- Ability to understand graphs, charts, and visualizations
- Ability to judge data sources, accuracy, and methods
- Identifying type of data
- Judgement of impact the data in real life
Strategies For Building Data Literacy in Corporate Setup
We can deliver education in various methods including hands-on learning in workshops and labs, module based learning, successive or iterative learning. Project-based learning may be useful to implement a successive learning approach. We can think to cover the below topics :
- Fundamentals of statistical practice
- Fundamentals of practice in data sciences including the vocabulary
- Comprehensive knowledge on data visualizations
- How data is used to support arguments
- Landscape of Big Data
- Personal data management (social media shares, likes and malicious data collection)
Invest in Education and Training
It is important for the students/employees to understand why data is so important if a data-driven culture is going to take over. Education and training helps to underscore this message while developing important data literacy skills across the workforce. It is unrealistic and unreasonable to expect the students/employees to pick these skills up on their own, which is why it has to be an enterprise-wide initiative.
Create a Single Source of Truth
Data is often vast, varied, and disconnected, which leads inevitably to confusion and conflict. In order for everyone in an organization to be data literate, they must rely on the same information. Otherwise data is different to different departments/students/employees. Integrating all data on a single platform ensures that the students/employees know where to find information and feel confident that information is complete.
Develop a Data Dictionary
Every company defines what data, metrics, opportunities and obstacles are important for themselves. A data dictionary defines what these priorities are so that misinterpretations don’t hold back communication and collaboration. Once developed, a data dictionary serves as a one-stop reference that helps to homogenize data-driven initiatives across an organization.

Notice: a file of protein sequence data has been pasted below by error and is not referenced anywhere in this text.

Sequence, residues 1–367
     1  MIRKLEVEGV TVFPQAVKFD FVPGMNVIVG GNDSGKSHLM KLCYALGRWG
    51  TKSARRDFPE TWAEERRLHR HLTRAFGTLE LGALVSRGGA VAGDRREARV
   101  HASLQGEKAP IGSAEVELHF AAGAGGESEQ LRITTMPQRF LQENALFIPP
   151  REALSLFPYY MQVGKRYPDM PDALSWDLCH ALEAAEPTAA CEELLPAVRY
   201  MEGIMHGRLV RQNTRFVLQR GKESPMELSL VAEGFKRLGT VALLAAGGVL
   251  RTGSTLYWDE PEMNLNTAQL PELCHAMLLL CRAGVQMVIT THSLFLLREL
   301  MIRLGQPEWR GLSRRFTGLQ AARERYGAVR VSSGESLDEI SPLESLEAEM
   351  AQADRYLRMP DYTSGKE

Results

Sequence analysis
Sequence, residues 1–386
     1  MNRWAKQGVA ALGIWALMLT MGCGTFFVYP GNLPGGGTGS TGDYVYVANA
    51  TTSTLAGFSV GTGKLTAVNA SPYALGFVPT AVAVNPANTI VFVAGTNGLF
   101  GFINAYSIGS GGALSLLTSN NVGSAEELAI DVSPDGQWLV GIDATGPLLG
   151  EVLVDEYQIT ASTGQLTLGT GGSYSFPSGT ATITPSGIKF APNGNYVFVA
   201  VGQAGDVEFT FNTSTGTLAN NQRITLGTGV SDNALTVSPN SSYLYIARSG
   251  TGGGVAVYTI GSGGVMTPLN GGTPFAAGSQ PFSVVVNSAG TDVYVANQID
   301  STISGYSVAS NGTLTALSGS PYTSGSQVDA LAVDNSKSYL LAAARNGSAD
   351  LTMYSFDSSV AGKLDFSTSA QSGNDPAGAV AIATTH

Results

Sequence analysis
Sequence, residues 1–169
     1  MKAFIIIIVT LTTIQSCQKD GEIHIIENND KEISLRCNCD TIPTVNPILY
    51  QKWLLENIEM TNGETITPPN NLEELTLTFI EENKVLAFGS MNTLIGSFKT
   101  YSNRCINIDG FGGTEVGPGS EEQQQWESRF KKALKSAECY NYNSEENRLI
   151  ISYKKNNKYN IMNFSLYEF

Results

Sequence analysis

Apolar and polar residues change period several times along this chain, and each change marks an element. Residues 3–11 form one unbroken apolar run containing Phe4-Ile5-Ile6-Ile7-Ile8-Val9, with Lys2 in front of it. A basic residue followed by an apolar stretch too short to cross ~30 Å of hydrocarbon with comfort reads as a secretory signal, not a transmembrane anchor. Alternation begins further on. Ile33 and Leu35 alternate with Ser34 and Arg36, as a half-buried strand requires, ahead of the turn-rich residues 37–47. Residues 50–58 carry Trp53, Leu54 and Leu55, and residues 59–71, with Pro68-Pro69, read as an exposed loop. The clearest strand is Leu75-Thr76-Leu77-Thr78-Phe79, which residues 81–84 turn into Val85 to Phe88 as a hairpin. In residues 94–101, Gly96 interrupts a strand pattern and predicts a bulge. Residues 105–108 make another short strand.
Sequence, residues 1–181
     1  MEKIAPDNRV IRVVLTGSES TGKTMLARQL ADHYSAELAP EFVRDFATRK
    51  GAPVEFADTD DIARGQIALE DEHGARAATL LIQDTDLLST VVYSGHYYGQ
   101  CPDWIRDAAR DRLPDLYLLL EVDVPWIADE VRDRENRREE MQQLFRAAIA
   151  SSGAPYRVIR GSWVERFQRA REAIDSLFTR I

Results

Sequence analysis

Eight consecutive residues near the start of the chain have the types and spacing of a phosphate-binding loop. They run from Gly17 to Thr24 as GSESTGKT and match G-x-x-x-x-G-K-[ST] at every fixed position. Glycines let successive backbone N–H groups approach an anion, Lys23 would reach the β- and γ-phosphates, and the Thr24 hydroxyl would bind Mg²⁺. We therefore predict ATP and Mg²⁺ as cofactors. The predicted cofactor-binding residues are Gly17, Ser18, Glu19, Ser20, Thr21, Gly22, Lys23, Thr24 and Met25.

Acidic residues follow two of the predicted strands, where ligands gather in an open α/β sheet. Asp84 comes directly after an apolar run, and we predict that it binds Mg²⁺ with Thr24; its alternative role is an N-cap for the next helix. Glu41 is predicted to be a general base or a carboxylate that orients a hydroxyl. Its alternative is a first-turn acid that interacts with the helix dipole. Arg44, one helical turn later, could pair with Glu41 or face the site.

Historically, only a selected number of specialists and executives had access to critical company data. This is the part of why data literacy now suffering. But also the fact is that, now data is more accessible and better understood, it is important for wide swaths of users to have data at their disposal. Relying on data-exploration tools like relational search ensures that average users do not become overwhelmed with the details of data science.
Hold Decision-Makers Accountable
Data literacy is only valuable when it leads to more objective and empirical decision making. Unfortunately, people who are set in their ways will continue to rely on assumptions and intuitions instead. Holding decision makers accountable creates a lot more onus to act with caution and certainty. Over time, data becomes an asset that these decision makers are eager to understand and utilize.
For the benefit of the employers (and the society), data literacy must be recognized as a basic skill. Elements of data literacy is necessary in undergraduate curriculum for the sake of consistency in basic knowledge. If there is any doubt that data literacy is a mission critical skill, we need to consider the recent surveys of the executives. More than 80 percent of the respondents had launched an analytics or big data initiative. By all accounts, this is the skill that will either drive future success or cause future failure. If we want to be on the former half of the equation, data literacy is essential.